The broader phenomenon illustrated by Kenyatta’s actions [seeking restrictions on civil society and the press] is not just a matter of coincidence or independent imitation. Whether they are selling sophisticated technology to track down dissidents online or sharing legislative approaches that provide a patina of legitimacy for their crackdowns on political opponents, repressive governments are actively working together to push back against nonviolent movements for democratic change. Indeed, such authoritarian solidarity has arguably outpaced collaboration among the world’s democratic states, which are often feckless in mobilizing to defend their own values and assist likeminded activists under duress.

In East Africa, evidence of authoritarian contagion is growing. The governments of Uganda, once seen as a great hope for democracy, and South Sudan, the world’s youngest country and a recipient of hundreds of millions of dollars in foreign assistance, are contemplating restrictive legislation targeting NGOs.

However, the true regional pioneer of this approach has been Ethiopia. Under longtime prime minister Meles Zenawi, who died in 2012, the Ethiopian government issued laws on NGOs, the media, and terrorism that have collectively devastated the country’s political opposition and civil society. The most prominent democracy and human rights groups have been forced to abandon or radically scale back their work, and many of the leading activists have fled into exile.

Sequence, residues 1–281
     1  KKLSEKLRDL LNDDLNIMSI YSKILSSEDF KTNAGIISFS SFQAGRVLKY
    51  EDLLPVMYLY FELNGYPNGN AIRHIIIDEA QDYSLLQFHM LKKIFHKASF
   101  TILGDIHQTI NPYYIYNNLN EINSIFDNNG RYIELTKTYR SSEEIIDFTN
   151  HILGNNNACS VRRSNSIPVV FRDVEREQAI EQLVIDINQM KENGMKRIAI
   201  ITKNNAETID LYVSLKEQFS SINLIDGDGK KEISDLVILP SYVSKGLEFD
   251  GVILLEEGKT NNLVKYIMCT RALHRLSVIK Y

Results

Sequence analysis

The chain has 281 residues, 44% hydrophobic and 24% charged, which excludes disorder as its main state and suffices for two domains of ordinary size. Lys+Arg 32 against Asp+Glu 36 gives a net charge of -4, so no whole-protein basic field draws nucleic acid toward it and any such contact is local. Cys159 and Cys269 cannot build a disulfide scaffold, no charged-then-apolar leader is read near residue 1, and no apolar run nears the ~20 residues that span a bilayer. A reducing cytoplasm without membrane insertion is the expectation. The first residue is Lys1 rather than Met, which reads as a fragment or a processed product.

Other leaders in East Africa and beyond no doubt observed with interest as the international community failed to mount any serious challenge to the Ethiopian government’s repressive actions. Donor countries declined to use their extensive development aid as leverage. Instead they meekly promised to monitor how the new laws were implemented. Whether out of consideration for Ethiopia’s role in combating terrorism in Somalia or fear that the country would turn to China as an alternative patron, the world’s wealthy democracies declined to challenge the Meles regime even after its legislation’s ruinous effects became apparent.

The citizens of Kenya, particularly those who opposed Kenyatta’s presidential candidacy or documented his role in fueling past ethnic violence, may now be paying the price for the international community’s hesitation to act on Ethiopia. It is certainly possible that Kenyatta—facing an international indictment—would have taken the same steps in the absence of a successful model for repression in the region. But his political allies might well have deserted him if they had reason to believe that Kenya would pay some meaningful price for antidemocratic initiatives.